As PetroChina Buys Into Singapore Pet, Issues About Strategic Interests Rise

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People sharing a scooter ride past oil rigs in Cangzhou in northern China's Hebei Province, northeast China, where PetroChina and the China National Offshore Oil Corporation (CNOOC) drill for oil.

China Petroleum (PTR) is buying 45.5% of Singapore Petroleum for just over $1 billion and will probably move to purchase the balance of the company. China recently proposed a deal to lend $10 billion to Brazilian oil giant Petrobras to help it develop deep sea crude deposits. In exchange, the world's most populous nation has negotiated getting a steady flow of oil from Brazil at market prices.

Chinese mineral firm Chinalco has bought into metals giant Rio Tinto (RTP) which raised concerns with the U.S. and Australian governments about whether they want a foreign nation to have such a large stake in a company which supplies commodities to major corporations all over the world. (See pictures of China's rebuilding efforts.)

Now that China's state-controlled companies have begun a shopping spree triggered by their access to cash and an eye to assets in other parts of the world beaten down by the recession, the fight over whether some assets are "too big to be bought" is heating up. There have been rumors that Chinese car companies might bid for auto brands in the U.S. and Europe. China's sovereign fund may be a bidder for AIG's (AIG) huge airplane lease division ILFC.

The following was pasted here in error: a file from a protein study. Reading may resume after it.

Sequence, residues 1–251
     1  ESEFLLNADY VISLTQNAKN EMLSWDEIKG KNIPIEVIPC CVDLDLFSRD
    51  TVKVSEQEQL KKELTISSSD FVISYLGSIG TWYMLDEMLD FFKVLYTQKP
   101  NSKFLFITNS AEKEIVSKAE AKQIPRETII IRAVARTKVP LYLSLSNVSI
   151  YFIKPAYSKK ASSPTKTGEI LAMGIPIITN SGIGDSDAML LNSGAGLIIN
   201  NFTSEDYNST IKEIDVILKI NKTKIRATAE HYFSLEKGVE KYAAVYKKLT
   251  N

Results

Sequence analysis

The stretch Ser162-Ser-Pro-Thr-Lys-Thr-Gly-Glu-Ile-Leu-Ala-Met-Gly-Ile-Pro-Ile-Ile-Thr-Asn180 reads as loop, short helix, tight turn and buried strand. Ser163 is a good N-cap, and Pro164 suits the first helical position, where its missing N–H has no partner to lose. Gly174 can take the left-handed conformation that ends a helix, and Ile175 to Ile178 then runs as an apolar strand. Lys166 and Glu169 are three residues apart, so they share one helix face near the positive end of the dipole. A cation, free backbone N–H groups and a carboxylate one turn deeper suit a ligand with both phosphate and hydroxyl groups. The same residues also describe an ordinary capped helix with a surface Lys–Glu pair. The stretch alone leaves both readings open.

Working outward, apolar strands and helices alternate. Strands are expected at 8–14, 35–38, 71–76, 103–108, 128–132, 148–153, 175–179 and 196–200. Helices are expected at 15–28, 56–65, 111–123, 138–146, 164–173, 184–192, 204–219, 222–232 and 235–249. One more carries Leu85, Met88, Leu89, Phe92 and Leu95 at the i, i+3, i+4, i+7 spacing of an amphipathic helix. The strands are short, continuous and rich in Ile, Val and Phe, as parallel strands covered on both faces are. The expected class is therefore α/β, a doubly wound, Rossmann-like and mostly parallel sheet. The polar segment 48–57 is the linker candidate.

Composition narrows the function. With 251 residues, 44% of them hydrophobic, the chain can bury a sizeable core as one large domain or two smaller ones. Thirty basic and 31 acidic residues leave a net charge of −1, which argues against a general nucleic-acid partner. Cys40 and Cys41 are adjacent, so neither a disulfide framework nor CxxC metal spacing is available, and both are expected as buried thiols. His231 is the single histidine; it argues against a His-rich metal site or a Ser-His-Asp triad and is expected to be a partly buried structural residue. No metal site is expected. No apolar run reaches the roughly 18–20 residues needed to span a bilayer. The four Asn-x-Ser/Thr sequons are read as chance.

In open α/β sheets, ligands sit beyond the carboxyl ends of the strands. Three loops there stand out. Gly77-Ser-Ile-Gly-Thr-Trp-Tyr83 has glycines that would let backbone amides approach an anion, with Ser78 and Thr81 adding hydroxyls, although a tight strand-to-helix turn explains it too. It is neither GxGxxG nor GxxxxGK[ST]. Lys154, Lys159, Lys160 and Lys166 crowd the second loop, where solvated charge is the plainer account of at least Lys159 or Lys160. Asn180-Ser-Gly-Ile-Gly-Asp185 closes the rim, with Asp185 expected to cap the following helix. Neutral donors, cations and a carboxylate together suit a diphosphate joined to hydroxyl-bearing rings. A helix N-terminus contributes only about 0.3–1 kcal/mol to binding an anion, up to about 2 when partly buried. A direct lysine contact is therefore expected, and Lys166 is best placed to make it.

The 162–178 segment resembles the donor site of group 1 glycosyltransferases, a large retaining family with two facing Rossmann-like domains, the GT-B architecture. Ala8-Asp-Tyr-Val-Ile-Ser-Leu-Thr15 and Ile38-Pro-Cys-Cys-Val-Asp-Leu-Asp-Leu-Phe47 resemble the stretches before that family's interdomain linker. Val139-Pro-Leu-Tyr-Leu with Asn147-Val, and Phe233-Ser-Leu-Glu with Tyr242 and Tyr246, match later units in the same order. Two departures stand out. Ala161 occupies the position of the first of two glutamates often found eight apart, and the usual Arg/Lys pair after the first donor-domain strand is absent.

China's largest companies are beginning to take center stage as the and most asset-rich corporations in the world. The market cap of PetroChina (PTR) recently passed Exxon Mobil (XOM) making it the most valuable company traded on any stock exchange. That gives it the option of using cash or stock to acquire assets in the West and Japan.PetroChina can also tap the Chinese treasury for cash.

Congress and legislatures in the U.K., Europe, and Japan are faced with whether or not to let key companies in important industries pass into Chines hands. Last year, the Congress effectively blocked a deal for Chinese electronics firm Huawei Technologies to buy 3Com. The reasoning was the U.S. did not want critical telecom equipment intellectual property to be easily accessible to China. (See pictures of the global financial crisis.)

In the U.S., the question of whether some assets are too important to allow China to buy puts the interests of Congress against the interests of shareholders. PetroChina is paying a 24% premium to buy its new stake in Singapore Petroleum. If a Chinese firm offered a similar premium to buy a US-based energy or refining operation, would Congress block the deal? If the 3Com transaction is any indication, potential shareholder profits would be trumped by a government decision that it does not want China to have control of assets that are part of the fabric of American economic and business interests.

China may have access to tremendous amounts of capital to shop for assets outside the country, but it may have extremely limited opportunities to spend it.

Douglas A. McIntyre

See pictures of China's rebuilding efforts.

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